7 of 11Image
After XP shipped in 2001, Microsoft got right to work on the next release of Windows. It was an ambitious undertaking. Then-Windows boss Jim Allchin had a long list of groundbreaking features that would go into the upgrade, which was code-named Longhorn.
Paul Thurrott covered the Longhorn project extensively in those early days, putting together a detailed FAQ, multiple screenshot galleries, and extensive coverage of the many times Microsoft excitedly showed off new Longhorn features to developers and partners.
For Longhorn, the high point was the 2003 Professional Developers Conference (PDC), where Microsoft showed off everything it had done so far and whipped developers into a frenzy over what they could do with Avalon and Indigo and WinFS (Future Storage) and Next Generation Secure Computing Base, aka Palladium.
And then the wheels fell off.
In January 2004, Allchin sent an e-mail to Gates and Ballmer admitting failure:
I must tell you everything in my soul tells me that we should do what I called plan (b) yesterday. We need a simple fast storage system. LH (Longhorn) is a pig and I don't see any solution to this problem.
It took a few months, but by August the die had been cast, and the infamous "Longhorn reset" happened. A 2005 Wall Street Journal article has the ugly details:
Microsoft would have to throw out years of computer code in Longhorn and start out with a fresh base. It would set up computers to automatically reject bug-laden code. The new Longhorn would have to be simple. It would leave bells and whistles for later -- including Mr. Gates's WinFS ...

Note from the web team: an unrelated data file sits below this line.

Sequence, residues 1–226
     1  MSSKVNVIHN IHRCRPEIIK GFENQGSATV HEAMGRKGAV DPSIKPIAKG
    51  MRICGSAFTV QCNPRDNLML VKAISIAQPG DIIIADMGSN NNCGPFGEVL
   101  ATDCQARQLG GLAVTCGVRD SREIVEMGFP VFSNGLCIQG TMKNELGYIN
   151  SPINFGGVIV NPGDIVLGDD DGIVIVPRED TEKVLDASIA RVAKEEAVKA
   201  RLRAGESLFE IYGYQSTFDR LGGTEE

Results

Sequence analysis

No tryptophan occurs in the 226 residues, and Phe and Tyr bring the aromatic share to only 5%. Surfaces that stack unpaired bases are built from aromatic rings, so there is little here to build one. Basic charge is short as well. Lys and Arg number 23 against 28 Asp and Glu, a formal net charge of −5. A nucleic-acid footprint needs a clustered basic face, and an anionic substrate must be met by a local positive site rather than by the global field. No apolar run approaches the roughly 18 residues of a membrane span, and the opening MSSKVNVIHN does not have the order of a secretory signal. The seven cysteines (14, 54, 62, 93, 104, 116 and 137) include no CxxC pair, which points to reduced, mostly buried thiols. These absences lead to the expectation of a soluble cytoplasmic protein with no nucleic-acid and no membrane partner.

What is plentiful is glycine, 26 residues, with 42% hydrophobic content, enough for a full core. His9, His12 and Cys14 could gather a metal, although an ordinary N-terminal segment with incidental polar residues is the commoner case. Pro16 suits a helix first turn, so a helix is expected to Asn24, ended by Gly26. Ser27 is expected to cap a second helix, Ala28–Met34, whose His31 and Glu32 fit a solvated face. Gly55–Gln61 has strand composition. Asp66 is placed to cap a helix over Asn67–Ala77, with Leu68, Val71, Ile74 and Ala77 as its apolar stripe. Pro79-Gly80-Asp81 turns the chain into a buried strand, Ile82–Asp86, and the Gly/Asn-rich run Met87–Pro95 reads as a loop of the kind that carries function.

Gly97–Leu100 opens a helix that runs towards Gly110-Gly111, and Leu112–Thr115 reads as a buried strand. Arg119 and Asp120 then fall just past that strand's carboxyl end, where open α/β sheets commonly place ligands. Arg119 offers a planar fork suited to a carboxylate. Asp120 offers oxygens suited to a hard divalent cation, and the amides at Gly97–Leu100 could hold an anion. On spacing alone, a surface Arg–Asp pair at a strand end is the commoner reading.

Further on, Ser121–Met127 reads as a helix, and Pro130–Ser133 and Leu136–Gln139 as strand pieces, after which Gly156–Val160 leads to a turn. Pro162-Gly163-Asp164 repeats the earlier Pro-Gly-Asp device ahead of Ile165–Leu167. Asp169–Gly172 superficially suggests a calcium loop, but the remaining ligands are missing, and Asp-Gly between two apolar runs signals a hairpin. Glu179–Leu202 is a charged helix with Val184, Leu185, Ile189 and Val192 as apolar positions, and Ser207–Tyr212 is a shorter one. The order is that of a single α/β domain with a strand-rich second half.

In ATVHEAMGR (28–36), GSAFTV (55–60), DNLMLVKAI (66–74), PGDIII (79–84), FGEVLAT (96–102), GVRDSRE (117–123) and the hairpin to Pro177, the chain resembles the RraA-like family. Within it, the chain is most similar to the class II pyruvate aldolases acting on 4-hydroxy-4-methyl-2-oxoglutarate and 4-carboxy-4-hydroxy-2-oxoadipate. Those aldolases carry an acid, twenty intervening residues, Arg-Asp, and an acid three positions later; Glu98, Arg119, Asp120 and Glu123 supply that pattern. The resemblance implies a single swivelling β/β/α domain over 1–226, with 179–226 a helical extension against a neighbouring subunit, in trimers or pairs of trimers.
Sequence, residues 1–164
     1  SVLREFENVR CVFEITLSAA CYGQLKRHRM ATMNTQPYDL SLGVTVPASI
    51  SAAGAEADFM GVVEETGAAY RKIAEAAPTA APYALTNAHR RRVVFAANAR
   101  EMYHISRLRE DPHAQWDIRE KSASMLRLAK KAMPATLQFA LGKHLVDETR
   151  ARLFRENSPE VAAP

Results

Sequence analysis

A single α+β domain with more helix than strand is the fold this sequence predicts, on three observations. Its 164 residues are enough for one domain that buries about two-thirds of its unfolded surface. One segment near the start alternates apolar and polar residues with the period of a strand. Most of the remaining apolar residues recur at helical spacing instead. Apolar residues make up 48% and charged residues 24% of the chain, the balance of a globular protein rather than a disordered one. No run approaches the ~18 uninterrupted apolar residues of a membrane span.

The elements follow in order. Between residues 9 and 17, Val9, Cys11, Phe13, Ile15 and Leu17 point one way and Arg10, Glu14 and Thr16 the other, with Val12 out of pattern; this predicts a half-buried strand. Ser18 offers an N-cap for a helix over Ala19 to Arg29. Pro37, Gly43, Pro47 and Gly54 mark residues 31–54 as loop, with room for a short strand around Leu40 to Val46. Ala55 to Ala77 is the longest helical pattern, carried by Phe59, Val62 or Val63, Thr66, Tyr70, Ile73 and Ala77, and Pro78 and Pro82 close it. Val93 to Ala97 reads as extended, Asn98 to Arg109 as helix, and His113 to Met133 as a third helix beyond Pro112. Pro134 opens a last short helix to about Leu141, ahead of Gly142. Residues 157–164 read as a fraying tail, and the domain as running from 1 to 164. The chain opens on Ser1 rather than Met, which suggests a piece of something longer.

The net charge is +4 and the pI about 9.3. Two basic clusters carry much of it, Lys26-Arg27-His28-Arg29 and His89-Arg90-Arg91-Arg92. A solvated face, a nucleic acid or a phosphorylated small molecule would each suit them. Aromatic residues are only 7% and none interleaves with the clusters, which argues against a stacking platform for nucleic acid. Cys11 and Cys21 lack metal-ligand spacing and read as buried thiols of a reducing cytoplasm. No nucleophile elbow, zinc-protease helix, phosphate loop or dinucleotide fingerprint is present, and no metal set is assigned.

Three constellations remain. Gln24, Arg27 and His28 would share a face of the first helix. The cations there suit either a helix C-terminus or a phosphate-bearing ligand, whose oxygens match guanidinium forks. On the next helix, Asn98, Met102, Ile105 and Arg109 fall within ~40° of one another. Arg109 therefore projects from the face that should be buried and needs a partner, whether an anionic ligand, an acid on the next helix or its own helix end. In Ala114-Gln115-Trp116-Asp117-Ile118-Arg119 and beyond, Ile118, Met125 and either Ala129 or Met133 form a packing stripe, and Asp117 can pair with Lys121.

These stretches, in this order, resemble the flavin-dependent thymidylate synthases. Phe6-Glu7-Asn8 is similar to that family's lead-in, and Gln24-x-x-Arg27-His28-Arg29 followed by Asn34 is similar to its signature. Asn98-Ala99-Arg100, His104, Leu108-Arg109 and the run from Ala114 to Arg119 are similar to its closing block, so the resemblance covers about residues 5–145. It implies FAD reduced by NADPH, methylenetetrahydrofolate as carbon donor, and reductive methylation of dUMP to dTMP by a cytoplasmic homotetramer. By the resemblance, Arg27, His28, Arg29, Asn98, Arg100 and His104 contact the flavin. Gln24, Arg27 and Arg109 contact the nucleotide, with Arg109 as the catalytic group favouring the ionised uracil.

On Aug. 27, 2004, Microsoft said it would ship Longhorn in the second half of 2006 -- at least a year late -- and that Mr. Gates's WinFS advance wouldn't be part of the system. The day before in Microsoft's auditorium, Mr. Allchin had announced to hundreds of Windows engineers that they would "reset" Longhorn using a clean base of code that had been developed for a version of Windows on corporate server computers.
Nearly three years of work went down the drain, and a demoralized development team had to kick into high gear to turn out Windows Vista two years later. It's no wonder that Vista, despite its excellent foundational work, was a mess when it shipped.
Screenshot credit: Paul Thurrott